I don’t know if stocks are really down today because of Eurozone fears, as the headlines say. Pity the poor market writers who have to find something to pin these moves on. I’d throw in the cold water on recovery from Friday’s abysmal jobs report, which raises the danger of a double-dip, particularly if the debt-ceiling standoff leads to default or draconian cuts. Then there was the pre-July 1 run-up based on portfolio rebalancing, and now it’s time to take profits. In any event, merger news such as Precision Castparts’ deal for Primus International and Lonza’s $1.2 billion acquisition of Arch Chemicals are too small to whip up animal spirits.
The most interesting news is that China has not only rebounded in exports from the Great Recession, but posted 20 percent increases: to $162 billion in June and $874 billion in the first half. Both are records. The Wall Street Journal notes that this performance comes more than a year after Beijing began to let the renminbi appreciate against the dollar. (American first-quarter exports totaled around $351 billion, including a mere $26 billion to China).
Yes, China plays currency games, but they are not the primary reasons for the country’s continued pummeling of America in the trade arena, however many lawmakers made populist hay over it. China has achieved this growth despite appreciation, despite rising labor costs and general inflation, and despite slowdowns in America and Europe.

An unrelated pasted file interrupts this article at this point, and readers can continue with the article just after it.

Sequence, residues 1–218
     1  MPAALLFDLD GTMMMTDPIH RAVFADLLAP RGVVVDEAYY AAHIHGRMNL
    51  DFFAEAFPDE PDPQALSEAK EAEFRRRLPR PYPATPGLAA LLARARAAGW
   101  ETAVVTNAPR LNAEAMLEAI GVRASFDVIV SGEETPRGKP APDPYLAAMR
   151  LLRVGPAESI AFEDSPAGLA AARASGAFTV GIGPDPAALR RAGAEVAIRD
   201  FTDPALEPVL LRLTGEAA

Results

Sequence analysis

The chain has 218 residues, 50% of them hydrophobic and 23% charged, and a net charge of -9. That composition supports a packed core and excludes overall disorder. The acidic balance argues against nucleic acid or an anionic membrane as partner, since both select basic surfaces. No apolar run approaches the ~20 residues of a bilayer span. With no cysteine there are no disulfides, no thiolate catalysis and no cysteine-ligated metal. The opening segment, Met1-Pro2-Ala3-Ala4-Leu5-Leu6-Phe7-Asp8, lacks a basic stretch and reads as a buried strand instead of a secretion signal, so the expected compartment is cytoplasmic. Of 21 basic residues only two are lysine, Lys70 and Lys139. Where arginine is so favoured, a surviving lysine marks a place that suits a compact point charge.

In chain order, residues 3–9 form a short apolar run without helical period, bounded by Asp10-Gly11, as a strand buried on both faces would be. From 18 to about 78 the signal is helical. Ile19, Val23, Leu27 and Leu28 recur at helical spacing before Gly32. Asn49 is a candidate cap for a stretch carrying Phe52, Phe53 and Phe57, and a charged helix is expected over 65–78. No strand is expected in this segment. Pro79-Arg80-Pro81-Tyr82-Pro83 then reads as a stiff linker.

China keeps opening and expanding new export markets while Washington fights wars and fails to stimulate the economy to grow and create jobs. We’re not competing against another country playing by our trade rules, or even our style of capitalism, degraded as it has become by cronyism and socialization of losses. It’s an entirely different system, which for all its risks, is working for Beijing. If it melts down, watch out. If it keeps succeeding, watch out.
American corporations that hire there rather than here, and Americans who are more unthinking “consumers” rather than citizens, don’t help. The really bad news is that the imbalances of Chimerica, the unsustainable stuff-for-debt relationship that preceded the Great Recession, remain. But China’s moving ahead, while we’re stuck with millions unemployed not least because of our failure to address the way China really does business.
Today’s Econ Haiku:
Rupert in scandal
It gives a whole new meaning
To the label ‘hack’